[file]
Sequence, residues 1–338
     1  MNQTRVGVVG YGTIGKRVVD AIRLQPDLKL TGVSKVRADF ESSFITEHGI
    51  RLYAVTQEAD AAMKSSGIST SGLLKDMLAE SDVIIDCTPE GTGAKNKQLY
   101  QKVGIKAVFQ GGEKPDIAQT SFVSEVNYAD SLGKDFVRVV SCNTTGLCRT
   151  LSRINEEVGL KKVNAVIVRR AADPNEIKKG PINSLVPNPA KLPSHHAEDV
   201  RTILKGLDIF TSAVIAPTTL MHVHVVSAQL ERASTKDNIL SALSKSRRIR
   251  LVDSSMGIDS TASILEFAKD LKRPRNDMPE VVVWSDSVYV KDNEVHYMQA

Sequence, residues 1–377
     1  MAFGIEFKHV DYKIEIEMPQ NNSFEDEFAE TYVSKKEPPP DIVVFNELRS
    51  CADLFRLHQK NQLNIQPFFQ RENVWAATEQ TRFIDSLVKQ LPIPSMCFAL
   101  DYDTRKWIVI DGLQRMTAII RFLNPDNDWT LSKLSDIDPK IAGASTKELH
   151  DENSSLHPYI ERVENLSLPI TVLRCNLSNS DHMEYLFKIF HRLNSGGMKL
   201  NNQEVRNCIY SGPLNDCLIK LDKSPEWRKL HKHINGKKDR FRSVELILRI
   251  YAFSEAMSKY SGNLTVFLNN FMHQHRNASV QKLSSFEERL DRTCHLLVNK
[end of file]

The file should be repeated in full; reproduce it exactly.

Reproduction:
Sequence, residues 1–338
     1  MNQTRVGVVG YGTIGKRVVD AIRLQPDLKL TGVSKVRADF ESSFITEHGI
    51  RLYAVTQEAD AAMKSSGIST SGLLKDMLAE SDVIIDCTPE GTGAKNKQLY
   101  QKVGIKAVFQ GGEKPDIAQT SFVSEVNYAD SLGKDFVRVV SCNTTGLCRT
   151  LSRINEEVGL KKVNAVIVRR AADPNEIKKG PINSLVPNPA KLPSHHAEDV
   201  RTILKGLDIF TSAVIAPTTL MHVHVVSAQL ERASTKDNIL SALSKSRRIR
   251  LVDSSMGIDS TASILEFAKD LKRPRNDMPE VVVWSDSVYV KDNEVHYMQA

Sequence, residues 1–377
     1  MAFGIEFKHV DYKIEIEMPQ NNSFEDEFAE TYVSKKEPPP DIVVFNELRS
    51  CADLFRLHQK NQLNIQPFFQ RENVWAATEQ TRFIDSLVKQ LPIPSMCFAL
   101  DYDTRKWIVI DGLQRMTAII RFLNPDNDWT LSKLSDIDPK IAGASTKELH
   151  DENSSLHPYI ERVENLSLPI TVLRCNLSNS DHMEYLFKIF HRLNSGGMKL
   201  NNQEVRNCIY SGPLNDCLIK LDKSPEWRKL HKHINGKKDR FRSVELILRI
   251  YAFSEAMSKY SGNLTVFLNN FMHQHRNASV QKLSSFEERL DRTCHLLVNK